On the occasion of World AIDS Day, British Columbia has reached new milestones in preventing HIV infections and improving the quality of life for people living with HIV.
B.C. has surpassed a UNAIDS target and has seen a greater than 90% decrease in people living with and dying from AIDS. New HIV diagnoses have reached the lowest level, down by approximately 80% from the peak in 1987, when over 900 cases yearly were diagnosed in B.C.
In addition, a new walk-in clinic on Vancouver’s Downtown Eastside is now open to support people living with HIV, opioid addictions, mental health and other health issues, including hepatitis C. The clinic is named Hope to Health Research and Innovation.
“As we commemorate World AIDS Day, I want to remember all those we have lost to the AIDS epidemic and celebrate the progress we have made against this formidable disease,” said Adrian Dix, Minister of Health. “We can be proud of what the province, with the BC Centre for Excellence in HIV/AIDS, has achieved. The world looks to us as a leader, and we constantly strive to provide the best care possible. Landmarks like this don’t come around often in the world, and it’s evidence of the best and brightest minds coming together to solve the challenge of HIV transmission.”
The UNAIDS 90-90-90 target calls for jurisdictions around the world to ensure that at least 90% of people living with HIV are diagnosed, at least 90% of those diagnosed are receiving treatment with antiretroviral therapy, and at least 90% of those on treatment have a sustained undetectable HIV viral load by 2020.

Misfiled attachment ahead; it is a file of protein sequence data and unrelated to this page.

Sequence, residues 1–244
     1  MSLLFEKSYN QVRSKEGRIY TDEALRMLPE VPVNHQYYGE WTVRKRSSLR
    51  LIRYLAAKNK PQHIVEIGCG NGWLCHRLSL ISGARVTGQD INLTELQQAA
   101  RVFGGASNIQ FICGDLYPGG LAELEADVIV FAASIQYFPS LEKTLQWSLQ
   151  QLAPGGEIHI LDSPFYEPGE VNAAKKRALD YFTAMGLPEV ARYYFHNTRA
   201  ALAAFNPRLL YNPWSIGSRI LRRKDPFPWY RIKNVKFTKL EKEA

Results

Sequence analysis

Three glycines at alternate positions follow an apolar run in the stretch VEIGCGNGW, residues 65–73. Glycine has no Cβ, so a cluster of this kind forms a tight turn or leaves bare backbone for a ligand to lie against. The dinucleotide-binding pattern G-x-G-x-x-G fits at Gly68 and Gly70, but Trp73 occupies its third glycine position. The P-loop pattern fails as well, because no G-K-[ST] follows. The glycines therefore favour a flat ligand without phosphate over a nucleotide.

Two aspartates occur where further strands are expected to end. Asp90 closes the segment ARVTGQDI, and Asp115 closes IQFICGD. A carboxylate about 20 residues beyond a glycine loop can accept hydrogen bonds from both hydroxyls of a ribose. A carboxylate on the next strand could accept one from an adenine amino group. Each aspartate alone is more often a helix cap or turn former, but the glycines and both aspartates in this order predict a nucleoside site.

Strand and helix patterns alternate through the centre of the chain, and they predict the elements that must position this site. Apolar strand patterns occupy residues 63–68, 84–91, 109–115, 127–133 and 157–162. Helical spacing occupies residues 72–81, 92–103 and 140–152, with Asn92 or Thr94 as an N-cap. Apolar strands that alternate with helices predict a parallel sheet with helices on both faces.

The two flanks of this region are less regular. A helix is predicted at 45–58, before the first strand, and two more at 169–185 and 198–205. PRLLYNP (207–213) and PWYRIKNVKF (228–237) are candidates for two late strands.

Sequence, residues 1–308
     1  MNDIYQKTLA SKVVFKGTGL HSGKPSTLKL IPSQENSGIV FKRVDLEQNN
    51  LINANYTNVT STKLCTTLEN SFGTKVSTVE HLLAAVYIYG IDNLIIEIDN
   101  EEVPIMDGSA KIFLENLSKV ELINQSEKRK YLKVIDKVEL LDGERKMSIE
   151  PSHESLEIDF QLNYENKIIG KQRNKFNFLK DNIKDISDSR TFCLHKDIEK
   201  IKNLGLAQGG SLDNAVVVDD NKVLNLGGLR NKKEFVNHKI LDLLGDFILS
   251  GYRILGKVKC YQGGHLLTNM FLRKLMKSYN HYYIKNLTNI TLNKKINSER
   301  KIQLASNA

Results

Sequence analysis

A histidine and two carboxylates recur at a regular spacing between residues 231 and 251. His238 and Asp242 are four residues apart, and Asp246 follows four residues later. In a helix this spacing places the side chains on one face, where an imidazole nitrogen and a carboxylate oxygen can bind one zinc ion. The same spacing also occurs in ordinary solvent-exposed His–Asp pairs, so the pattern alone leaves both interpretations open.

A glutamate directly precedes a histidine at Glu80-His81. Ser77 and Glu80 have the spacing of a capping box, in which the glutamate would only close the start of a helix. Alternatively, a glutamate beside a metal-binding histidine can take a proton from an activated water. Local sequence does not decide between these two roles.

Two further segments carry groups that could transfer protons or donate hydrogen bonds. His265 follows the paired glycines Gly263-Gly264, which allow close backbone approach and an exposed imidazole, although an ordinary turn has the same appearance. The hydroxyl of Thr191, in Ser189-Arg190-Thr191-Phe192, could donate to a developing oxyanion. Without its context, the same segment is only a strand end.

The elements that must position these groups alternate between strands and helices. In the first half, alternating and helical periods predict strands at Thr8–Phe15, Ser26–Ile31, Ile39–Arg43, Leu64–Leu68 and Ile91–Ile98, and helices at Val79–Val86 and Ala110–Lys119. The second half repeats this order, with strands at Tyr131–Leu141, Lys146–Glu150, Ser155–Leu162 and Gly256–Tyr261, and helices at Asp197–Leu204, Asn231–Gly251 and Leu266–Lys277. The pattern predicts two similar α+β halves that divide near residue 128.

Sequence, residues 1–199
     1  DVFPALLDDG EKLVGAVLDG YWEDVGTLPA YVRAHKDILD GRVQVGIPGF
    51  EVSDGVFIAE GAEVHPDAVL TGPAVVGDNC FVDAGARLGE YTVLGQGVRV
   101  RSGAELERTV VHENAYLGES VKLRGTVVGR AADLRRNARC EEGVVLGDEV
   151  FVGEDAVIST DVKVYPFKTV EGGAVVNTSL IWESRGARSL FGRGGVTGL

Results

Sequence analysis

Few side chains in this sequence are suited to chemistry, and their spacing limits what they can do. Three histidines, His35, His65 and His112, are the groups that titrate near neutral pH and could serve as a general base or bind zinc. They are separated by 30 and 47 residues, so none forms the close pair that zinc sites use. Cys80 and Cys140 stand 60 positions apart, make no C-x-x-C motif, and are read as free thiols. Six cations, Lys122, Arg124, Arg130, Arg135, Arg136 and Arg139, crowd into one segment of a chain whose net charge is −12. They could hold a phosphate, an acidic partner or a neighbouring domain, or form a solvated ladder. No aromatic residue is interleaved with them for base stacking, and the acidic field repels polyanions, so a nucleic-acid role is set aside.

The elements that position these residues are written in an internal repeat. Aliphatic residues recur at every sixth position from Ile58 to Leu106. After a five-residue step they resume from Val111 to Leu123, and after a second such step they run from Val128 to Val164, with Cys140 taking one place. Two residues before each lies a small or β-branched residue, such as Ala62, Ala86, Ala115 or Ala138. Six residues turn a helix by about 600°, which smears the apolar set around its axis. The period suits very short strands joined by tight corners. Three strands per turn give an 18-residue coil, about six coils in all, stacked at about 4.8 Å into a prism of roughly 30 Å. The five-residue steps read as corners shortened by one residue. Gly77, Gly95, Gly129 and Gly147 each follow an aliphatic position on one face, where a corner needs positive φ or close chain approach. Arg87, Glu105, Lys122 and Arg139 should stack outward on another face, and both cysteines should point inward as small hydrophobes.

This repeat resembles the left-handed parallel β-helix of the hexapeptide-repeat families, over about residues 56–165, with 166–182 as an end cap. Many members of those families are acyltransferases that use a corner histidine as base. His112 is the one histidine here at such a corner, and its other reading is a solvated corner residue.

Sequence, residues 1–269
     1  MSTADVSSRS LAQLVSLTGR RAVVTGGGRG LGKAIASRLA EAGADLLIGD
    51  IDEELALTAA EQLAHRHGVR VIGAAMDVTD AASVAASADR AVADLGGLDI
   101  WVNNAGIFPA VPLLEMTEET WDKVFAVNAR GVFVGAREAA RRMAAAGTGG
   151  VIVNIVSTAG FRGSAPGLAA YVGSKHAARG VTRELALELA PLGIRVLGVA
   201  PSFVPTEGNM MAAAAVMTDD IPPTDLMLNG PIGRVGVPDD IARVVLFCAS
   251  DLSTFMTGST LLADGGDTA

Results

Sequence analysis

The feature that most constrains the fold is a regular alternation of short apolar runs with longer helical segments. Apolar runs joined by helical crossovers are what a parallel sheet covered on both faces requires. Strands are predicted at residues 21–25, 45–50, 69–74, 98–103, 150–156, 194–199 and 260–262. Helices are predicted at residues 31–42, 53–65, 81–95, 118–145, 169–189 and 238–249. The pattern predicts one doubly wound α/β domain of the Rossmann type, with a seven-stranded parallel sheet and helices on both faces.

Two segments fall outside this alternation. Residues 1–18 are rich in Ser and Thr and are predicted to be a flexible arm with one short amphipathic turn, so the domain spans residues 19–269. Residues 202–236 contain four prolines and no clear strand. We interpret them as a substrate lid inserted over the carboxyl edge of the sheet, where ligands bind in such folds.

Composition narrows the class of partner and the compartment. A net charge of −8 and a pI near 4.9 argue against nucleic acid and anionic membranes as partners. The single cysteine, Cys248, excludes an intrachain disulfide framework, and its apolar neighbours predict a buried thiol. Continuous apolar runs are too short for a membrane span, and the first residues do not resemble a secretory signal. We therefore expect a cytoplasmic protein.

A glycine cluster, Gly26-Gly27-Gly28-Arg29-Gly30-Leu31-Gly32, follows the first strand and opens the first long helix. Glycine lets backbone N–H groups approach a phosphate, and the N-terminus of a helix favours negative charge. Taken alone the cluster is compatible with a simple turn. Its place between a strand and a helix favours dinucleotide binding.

People can walk into the clinic without an appointment to see a nurse, social worker or a doctor, as needed. The clinic can support people accessing medication for HIV and hepatitis C, as well as methadone and suboxone for opioid addictions. Take-home naloxone kits for treating overdoses from opioids such as fentanyl are also available. Other services include referral for treatment, counselling and other health services.
A clinical team of 10.5 full-time equivalent doctors, nurses, social workers and peer support workers are providing care to patients at the clinic from 8:30 a.m. to 4:30 p.m., Monday to Friday.
To further help prevent the transmission of HIV, government expanded public funding for pre-exposure prophylaxis (PrEP) and post-exposure prophylaxis (PEP) on Jan. 1, 2018. As well, the Province’s STOP HIV/AIDS program receives approximately $20 million of annual funding and separately, government supports a three-year, $322-million contract with the BC Centre for Excellence in HIV/AIDS for the delivery of the HIV Drug Treatment Program, including HIV pre-exposure prophylaxis.
For more information about the province’s expanded coverage for pre-exposure prophylaxis visit: https://news.gov.bc.ca/releases/2019HLTH0039-000342
For more information about the BC Centre for Excellence in HIV/AIDS, visit: http://bccfe.ca/
Two backgrounders follow.